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Luke Haynes: Prolific Quilter

            Everything seems to come full circle in life and even more so in the world of art.  16 years ago I was living in New York and caught the tail end of a show on TV that was talking about a building, I missed where, with these beautiful squares inside it, the light accentuated the structures and the entire interior was meant to be viewed at various times of the day.  I logged that image into my long-term memory in the hopes of one day finding out where it was and what it was; well now I know.  It was Donald Judd’s Untitled Works in Mill Aluminum at Marfa, Texas. 

Cut to the present day and a new studio visit with a quilter it took a minute for me to connect the dots and to realize the boxes I saw on a tiny television screen all those years ago were now manifesting in the designs of Luke Haynes, a quilter based here in Los Angeles at the Brewery Art Colony. Haynes has a background in architecture as well as art and is currently creating a 50 quilt solo exhibition, which is taking themes from Donald Judd’s work with the Milled Aluminum installation. “I am working on 50 iterations within constraints similar to that project but in my case, it’s within the vernacular of quilting.”  Said Haynes.

Haynes’ work ethic also adds to his prolific nature of creating with stacks of sheets lining his studio wall prepped and ready for use in his latest creations.  Originating from North Carolina, Haynes has created a world unto himself that combines the aesthetic eye of an architect with the warmth of textiles that culminates into clean lines and picture perfect manifestations of custom creations.  “I made my first quilts to see if I could create images within the material constraints of 'quilt', so I was always interested in the figural and painterly qualities of the medium.” Said Haynes. 

In addition, to the process, Haynes is also fascinated with ‘form vs. function’ in the world of quilting.  “I love the idea that materials of construction inform the ornamentation of a product. I think the function should be strongly implicit in the form. That way the eye of the maker and the history of utility and experience are incorporated into each choice.” Said Haynes. 

This February 18th quilters will gather for Quiltcon West ‘the largest modern quilting show of it’s kind’ in Pasadena, California where Haynes will be providing a shuttle to his exhibition at Crafted at the Port of Los Angeles.  The show titled "The Log cabins of Donald Judd" with showcase 50 quilts 90 inches square with “different variations with the same language, all red centers with white and black fabric.” Said Haynes.  VIP tickets are available for the Opening Reception from 4-6pm HERE, which includes a swag bag. Regular admission is free starting at 6 pm going until 10 pm at 112 e 22nd st #10 Los Angeles CA 90731.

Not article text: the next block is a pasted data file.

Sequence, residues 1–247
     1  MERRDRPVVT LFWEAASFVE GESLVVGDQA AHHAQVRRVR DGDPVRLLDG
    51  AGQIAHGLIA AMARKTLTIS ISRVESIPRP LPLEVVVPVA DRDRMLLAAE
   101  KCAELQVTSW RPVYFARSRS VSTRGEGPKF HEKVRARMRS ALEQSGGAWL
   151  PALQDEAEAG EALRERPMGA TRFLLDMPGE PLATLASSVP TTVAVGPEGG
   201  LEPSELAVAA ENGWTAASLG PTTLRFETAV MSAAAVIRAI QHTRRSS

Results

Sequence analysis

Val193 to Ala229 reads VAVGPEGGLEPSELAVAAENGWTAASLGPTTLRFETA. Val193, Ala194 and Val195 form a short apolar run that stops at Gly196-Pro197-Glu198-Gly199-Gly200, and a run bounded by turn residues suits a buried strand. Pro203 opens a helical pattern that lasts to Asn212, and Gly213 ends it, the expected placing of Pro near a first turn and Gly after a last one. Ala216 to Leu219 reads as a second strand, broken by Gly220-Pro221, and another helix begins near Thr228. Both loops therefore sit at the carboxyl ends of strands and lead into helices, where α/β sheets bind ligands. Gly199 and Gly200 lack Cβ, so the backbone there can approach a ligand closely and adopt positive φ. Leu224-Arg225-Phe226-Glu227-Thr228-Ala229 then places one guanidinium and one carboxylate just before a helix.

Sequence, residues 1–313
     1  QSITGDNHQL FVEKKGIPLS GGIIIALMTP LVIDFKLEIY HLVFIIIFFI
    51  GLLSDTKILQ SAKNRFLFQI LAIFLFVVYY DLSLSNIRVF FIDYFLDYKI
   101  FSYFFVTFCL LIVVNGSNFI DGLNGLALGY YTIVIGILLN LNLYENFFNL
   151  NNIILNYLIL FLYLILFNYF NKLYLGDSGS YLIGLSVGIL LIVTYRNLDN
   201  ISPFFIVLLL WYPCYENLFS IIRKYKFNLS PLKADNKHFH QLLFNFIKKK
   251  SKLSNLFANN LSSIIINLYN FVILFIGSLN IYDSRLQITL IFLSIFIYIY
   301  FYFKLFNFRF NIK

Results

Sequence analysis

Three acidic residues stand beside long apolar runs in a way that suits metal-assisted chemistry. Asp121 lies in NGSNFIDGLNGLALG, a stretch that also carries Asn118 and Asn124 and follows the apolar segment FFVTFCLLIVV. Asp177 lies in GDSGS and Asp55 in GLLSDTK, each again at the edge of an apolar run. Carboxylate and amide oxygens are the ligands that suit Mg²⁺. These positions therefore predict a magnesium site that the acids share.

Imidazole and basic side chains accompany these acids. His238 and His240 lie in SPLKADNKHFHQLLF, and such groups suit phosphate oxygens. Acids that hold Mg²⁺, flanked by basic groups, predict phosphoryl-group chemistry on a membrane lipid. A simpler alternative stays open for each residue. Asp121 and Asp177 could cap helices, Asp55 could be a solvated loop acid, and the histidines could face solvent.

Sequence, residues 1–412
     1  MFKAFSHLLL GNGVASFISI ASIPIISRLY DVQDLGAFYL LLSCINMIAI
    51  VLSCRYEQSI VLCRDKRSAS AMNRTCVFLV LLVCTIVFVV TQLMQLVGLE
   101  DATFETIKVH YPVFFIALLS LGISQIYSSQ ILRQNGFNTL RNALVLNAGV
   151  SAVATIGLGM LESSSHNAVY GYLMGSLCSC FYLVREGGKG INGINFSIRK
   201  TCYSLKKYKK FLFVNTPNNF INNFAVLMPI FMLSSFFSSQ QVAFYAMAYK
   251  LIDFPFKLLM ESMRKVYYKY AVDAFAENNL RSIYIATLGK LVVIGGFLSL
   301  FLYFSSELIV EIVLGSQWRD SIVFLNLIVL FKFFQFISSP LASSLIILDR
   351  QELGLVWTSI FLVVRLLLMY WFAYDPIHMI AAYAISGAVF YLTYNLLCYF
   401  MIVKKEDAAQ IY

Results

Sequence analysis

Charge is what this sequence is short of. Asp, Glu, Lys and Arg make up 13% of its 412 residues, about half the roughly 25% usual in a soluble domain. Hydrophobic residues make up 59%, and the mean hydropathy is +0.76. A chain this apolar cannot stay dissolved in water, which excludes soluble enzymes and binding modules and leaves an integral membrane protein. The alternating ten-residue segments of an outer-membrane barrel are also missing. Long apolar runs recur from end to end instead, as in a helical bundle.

To learn more about Luke Haynes and his articulate creations or to commission him to create a work for your home you can find him at the following sites.
Instagram: @entropies

The sewing machine is not just a tool for Haynes it is part of him that manifests his vision into a tangible object.  Photo © Aimee Santos

One of two sewing machines in the studio of Luke Haynes a quilter in Los Angeles based at the Brewery Art Colony.  Photo © Aimee Santos

Used sheets become part of the quilts Haynes creates but you wouldn't know it from the finished product.  Photo © Aimee Santos

It's all about the details with Luke Haynes even down to finding a vendor to sell him the kind of stickers that go on sunglasses to promote his brand.  Photo © Aimee Santos

Haynes works on a commission piece in his studio at the Los Angeles Art Colony The Brewery.  Photo © Aimee Santos

Holding one of his finished creations, Haynes poses for a portrait on The Brewery grounds that covers a large portion of East Los Angeles next to the 5 freeway in Los Angeles, CA.  Photo © Aimee Santos

Fabric is everywhere in Haynes' studio.  Photo © Aimee Santos

Luke Haynes tests a theory of presentation with one of his 'Log Cabins of Donald Judd' quilts in Elysian Park in Los Angeles, CA.  Photo © Aimee Santos

A large cutting board helps protect Haynes' table and provides guides if needed for measurements.  Photo © Aimee Santos

A bird's eye view of Haynes in the process of creation is fascinating.  Photo © Aimee Santos

The creation of a commission piece involved a portrait of this couple that included the fabric of the shirt she wore on their first date and would later include his tie.  Photos © Aimee Santos

Down to the tiniest shade, Haynes utilizes computer software to sketch out the initial portrait and later prints out a template to refine the finished piece.  Photo © Aimee Santos

Haynes rips apart pieces of reclaimed sheets in front of a collaborative piece with another artist.  Photo © Aimee Santos

Haynes applies each piece of fabric in the process of making a portrait quilt for a client.  Photo © Aimee Santos

A detail of fabric from Haynes studio. Photo © Aimee Santos

Every step takes time but taking the time makes it right.  Haynes looks over the template of the image he is translating into fabric before proceeding on to the next step.  Photo © Aimee Santos

Fabric is everywhere in boxes and stacked up on shelves.  Photo © Aimee Santos

Haynes cuts intricately cut pieces of cloth to complete a commission for a client.  Photo © Aimee Santos

Up in the second floor of Haynes' studio is a Long Arm Sewing Machine he not only uses to complete his creations but also rents out to other quilters in need of a larger machine.  Photo © Aimee Santos

An artist has to think of their health, Haynes created a make shift stand so he didn't have to lean over his machine for hours at a time.  Photo © Aimee Santos

Not always allowed in his studio Haynes' cat 'Grandpa' likes to visit and sleep on various completed pieces as well as scraps.  Photo © Aimee Santos